New Year’s thoughts

I can’t say the usual New Year greeting. I just don’t see that much to be happy about when looking around the world right now. Neither at home, nor overseas. There was a lot of upbeat talk this morning about the “deal” made between Biden and the Senate. The problem is, there is no way that deal is going to be swallowed by the House radicals. The media were selling relief, but I don’t see it. The fateful line will be crossed, and the country will probably suffer another “recession”.

Maybe some good will come of Israel’s relaxation of restrictions on Gazans, but I suspect the gesture is a sop to the more liberal parts of Israeli society ahead of the election coming up this month. However, the ability to bring in more food, building materials, etc. for awhile could improve the lives of the Gazans a bit, without changing any of the major land issues.

Syria is still taking itself apart thanks to the stubbornness of its ruling elite. Hundreds of people are being killed daily; more are fleeing or trying to.

In Iraq more are being killed pretty much on a daily basis by bombs and bullets – an example of America’s inability to remake any country in what we fantasize as our image. Afghanistan will go the same way. All we do is create failed states.

Now, it is another day, and the House of Representatives surprised me. Even though the Deal puts off the serious questions people are asking about debts and taxes, we learned that Republicans can be scared enough to agree to a deal they hate.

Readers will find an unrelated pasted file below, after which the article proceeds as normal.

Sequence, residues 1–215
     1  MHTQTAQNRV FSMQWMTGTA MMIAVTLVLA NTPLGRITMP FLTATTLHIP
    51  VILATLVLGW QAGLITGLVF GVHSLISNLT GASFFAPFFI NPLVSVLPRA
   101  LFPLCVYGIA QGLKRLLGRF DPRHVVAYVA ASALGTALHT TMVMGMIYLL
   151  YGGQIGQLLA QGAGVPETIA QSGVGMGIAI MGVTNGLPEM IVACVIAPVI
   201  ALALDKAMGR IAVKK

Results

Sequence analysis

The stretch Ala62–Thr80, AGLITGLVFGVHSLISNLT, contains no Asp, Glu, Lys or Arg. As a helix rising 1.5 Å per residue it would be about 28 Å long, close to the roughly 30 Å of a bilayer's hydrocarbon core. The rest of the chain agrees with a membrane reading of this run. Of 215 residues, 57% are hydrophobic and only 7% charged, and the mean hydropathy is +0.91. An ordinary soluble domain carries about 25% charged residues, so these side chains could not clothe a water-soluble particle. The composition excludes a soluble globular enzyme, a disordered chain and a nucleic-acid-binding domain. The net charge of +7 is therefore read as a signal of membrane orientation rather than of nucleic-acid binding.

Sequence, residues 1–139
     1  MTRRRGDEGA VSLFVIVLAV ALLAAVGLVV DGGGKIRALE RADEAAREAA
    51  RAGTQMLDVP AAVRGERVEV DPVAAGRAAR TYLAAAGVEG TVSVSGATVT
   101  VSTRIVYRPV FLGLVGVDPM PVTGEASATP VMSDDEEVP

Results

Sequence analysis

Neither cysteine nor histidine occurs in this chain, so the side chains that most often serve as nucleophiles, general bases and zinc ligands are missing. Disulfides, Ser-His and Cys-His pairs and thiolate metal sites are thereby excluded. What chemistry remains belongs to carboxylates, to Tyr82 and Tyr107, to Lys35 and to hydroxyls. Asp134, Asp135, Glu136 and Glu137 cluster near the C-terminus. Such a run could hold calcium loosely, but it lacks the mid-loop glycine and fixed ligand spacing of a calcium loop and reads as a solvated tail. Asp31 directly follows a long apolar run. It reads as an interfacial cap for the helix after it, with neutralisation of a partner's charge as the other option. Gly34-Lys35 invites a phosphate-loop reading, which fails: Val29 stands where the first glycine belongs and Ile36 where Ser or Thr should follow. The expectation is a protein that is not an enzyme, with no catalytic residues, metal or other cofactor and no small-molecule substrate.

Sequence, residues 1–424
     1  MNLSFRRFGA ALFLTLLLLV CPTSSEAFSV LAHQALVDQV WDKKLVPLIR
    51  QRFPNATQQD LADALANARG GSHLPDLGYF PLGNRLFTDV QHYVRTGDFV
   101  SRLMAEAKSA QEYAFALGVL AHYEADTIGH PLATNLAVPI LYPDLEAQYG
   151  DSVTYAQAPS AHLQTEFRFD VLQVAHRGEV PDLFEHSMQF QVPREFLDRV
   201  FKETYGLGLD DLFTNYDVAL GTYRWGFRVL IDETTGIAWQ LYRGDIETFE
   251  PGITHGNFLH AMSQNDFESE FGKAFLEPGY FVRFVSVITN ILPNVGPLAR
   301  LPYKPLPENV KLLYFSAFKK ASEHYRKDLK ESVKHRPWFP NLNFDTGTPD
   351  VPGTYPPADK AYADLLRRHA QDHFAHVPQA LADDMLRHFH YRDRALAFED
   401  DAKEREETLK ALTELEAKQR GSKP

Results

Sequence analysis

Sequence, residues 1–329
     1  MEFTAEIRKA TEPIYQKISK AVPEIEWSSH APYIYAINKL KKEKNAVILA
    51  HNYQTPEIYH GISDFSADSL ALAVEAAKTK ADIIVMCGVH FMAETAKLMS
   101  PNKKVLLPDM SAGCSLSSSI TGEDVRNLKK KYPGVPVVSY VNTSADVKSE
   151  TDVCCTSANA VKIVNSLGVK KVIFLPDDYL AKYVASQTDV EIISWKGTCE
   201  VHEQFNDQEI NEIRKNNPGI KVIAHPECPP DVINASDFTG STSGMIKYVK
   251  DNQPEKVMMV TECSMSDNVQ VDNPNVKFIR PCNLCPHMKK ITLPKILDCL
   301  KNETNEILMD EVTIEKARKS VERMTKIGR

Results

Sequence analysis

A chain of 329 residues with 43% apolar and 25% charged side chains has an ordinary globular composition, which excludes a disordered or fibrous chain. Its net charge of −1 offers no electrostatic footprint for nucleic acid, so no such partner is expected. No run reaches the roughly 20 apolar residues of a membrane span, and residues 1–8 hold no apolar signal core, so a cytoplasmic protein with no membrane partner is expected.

Afghanistan will probably get left in the lurch, regardless of all the Obama talk of staying to help train. Some in the military seem finally to be getting the message that we aren’t wanted there and don’t know how to help.

The only place I see hope is in some musicians around the world like these:

They cheer the heart and remind us all that there can be spontaneous beauty and joy in the world. Just looking at the faces in the square with the children conducting and others participating in the singing remind me that Beethoven’s music is for everyone forever, and that maybe there’s hope afterall.

Posted on January 2, 2013, in Society and tagged , , , , , , , . Bookmark the permalink. Leave a comment.

Comments are closed.

%d bloggers like this: